U.S. Department of State
The U.S. Department of State's Bureau of Conflict and Stabilization Operations (CSO) created the Conflict Observatory program in the early days of Russia's invasion of Ukraine. The program leverages commercial and publicly available data collection technologies, including satellite imagery and social media, to document possible atrocities. This data is made available to others engaged in documentation efforts, as well as to domestic and international mechanisms for their use in making data-based decisions and determinations in pursuit of justice and accountability. In May 2023, using the same platform and geospatial data feeds, the program expanded to document conflict activities impacting civilians in Sudan and to provide assistance to ongoing humanitarian operations. The Conflict Observatory is a capability to immediately respond to emerging crisis situations around the globe.
The Conflict Observatory is how the U.S. Department of State is using the latest scientific methodologies and bringing together government officials, private industry and academia to make sure that technology works for democracy. The capability can be deployed anywhere in the world.
As a team of teams, the Conflict Observatory program is comprised of nearly 70 subject matter and technical experts across organizations and research institutions including the Yale Humanitarian Research Lab, the Smithsonian Cultural Rescue Initiative, Planetscape Ai, Quiet Professionals and Esri. These teams document war crimes and other atrocities using commercial satellite imagery and other sources.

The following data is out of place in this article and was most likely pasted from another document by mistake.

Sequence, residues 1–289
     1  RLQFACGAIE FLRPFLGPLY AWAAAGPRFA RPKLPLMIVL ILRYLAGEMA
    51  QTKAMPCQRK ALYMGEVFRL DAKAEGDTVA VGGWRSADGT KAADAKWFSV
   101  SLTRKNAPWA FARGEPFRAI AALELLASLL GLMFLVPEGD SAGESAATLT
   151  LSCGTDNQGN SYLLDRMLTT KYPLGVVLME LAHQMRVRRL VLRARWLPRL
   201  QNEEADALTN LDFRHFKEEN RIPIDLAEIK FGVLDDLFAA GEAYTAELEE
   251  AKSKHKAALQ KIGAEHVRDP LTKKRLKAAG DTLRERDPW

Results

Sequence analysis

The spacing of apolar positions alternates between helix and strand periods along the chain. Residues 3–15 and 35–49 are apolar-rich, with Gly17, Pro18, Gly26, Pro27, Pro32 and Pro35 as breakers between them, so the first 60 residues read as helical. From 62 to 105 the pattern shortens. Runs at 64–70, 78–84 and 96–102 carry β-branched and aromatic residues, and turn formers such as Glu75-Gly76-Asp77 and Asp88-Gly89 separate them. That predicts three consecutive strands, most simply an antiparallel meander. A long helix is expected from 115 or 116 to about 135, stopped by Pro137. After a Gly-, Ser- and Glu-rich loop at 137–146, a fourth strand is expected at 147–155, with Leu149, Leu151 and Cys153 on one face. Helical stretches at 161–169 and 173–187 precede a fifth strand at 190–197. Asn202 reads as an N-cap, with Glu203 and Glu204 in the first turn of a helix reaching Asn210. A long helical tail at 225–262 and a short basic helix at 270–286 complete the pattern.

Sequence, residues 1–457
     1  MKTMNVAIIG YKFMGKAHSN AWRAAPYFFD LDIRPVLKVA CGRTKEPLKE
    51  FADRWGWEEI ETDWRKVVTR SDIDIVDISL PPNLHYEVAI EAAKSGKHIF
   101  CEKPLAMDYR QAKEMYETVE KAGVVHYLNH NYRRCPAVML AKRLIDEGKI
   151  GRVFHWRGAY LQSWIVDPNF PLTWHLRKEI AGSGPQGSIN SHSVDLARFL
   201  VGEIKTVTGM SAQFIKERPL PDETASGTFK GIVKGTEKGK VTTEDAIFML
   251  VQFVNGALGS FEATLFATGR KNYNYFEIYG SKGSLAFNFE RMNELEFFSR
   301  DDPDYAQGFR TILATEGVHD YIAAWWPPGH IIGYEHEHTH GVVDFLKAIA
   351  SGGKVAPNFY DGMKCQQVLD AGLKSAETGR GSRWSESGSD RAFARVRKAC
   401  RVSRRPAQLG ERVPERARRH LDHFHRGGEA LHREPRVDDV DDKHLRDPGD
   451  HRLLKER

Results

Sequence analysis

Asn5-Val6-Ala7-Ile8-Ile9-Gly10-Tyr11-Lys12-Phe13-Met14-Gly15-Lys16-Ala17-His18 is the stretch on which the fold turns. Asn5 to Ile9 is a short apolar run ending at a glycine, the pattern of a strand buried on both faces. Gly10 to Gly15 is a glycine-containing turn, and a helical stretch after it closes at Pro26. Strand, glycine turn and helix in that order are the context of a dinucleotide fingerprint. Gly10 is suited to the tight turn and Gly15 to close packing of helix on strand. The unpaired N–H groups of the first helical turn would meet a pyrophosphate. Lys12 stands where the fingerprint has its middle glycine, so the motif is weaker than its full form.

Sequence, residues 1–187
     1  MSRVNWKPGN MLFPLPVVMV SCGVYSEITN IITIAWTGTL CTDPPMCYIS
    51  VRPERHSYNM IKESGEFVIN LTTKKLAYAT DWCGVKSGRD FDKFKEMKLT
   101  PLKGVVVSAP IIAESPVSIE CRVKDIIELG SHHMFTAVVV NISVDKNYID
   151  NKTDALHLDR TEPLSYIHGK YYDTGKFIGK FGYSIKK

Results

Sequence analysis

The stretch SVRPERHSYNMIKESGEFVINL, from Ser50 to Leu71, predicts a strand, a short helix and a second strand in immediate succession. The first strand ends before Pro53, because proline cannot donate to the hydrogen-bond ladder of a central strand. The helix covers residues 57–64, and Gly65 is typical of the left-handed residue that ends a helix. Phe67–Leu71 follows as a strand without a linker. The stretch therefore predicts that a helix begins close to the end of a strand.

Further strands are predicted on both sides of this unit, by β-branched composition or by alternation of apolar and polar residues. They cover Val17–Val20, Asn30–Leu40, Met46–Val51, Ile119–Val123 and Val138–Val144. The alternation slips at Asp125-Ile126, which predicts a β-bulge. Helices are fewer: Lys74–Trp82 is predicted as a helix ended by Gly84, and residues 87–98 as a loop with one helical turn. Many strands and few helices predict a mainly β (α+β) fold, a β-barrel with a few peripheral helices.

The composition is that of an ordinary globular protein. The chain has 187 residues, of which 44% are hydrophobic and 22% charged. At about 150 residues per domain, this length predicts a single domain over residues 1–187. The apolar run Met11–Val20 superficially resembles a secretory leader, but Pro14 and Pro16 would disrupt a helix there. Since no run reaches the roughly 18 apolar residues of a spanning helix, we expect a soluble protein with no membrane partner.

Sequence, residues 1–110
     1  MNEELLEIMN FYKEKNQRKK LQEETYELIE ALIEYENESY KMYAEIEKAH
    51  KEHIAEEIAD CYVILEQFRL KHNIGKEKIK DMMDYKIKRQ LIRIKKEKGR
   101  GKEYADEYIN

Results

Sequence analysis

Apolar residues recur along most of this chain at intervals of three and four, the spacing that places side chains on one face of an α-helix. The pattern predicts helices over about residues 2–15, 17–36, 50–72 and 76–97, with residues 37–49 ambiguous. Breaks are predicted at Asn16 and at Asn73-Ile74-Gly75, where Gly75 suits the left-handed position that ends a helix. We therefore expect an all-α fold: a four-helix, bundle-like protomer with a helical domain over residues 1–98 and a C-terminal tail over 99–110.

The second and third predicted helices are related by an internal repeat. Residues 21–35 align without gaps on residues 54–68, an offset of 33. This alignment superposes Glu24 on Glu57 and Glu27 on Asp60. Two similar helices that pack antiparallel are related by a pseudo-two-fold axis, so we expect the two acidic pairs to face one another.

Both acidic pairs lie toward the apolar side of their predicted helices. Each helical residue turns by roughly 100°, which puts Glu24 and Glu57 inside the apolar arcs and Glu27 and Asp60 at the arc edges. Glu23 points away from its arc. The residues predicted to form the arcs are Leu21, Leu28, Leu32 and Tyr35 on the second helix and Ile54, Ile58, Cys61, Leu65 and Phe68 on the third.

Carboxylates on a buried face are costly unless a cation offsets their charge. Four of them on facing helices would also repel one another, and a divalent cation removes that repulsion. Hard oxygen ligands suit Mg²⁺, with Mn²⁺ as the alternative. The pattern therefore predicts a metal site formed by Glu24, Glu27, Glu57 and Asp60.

Filtration operations, where Russia’s forces and proxies interrogated, detained, and forcibly deported Ukrainians were identified by the Yale team who mapped these operations by collecting satellite data, geolocating images, videos and text evidence.
The team released a report on February 14, 2023 on the forced relocation of thousands of Ukrainian children, documenting movements to at least 43 sites across Russia and subjecting some to military-style training. One month later, the International Criminal Court issued arrest warrants for this war crime.
The Smithsonian Cultural Rescue Initiative and its partners at the Virginia Museum of Natural History’s Cultural Heritage Monitoring Lab and the University of Maryland maintain a location database of 28,000 cultural heritage sites, using thermal detection data from NASA satellites to detect heat signatures from sites that might be damaged so they can be investigated further.
The Sudan Conflict Observatory was launched in the spring to monitor events in context of the Jeddah Declaration and affirms the U.S. commitment to transparency by working with partners to bring an end to the military conflict in the country, address human rights violations and abuses and aid humanitarian access.
The U.S. Department of State will continue to leverage innovative geospatial tools to better anticipate, prevent, and respond to conflicts globally that undermine U.S. national interests.